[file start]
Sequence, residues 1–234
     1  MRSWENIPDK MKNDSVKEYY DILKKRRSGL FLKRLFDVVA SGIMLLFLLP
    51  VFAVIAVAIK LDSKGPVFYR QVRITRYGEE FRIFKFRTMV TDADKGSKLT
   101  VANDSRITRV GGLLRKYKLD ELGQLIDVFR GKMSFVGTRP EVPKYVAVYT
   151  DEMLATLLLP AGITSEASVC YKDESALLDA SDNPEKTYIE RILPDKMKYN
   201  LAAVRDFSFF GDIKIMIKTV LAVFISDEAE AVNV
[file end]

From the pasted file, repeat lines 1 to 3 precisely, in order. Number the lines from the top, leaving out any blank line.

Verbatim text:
Sequence, residues 1–234
     1  MRSWENIPDK MKNDSVKEYY DILKKRRSGL FLKRLFDVVA SGIMLLFLLP
    51  VFAVIAVAIK LDSKGPVFYR QVRITRYGEE FRIFKFRTMV TDADKGSKLT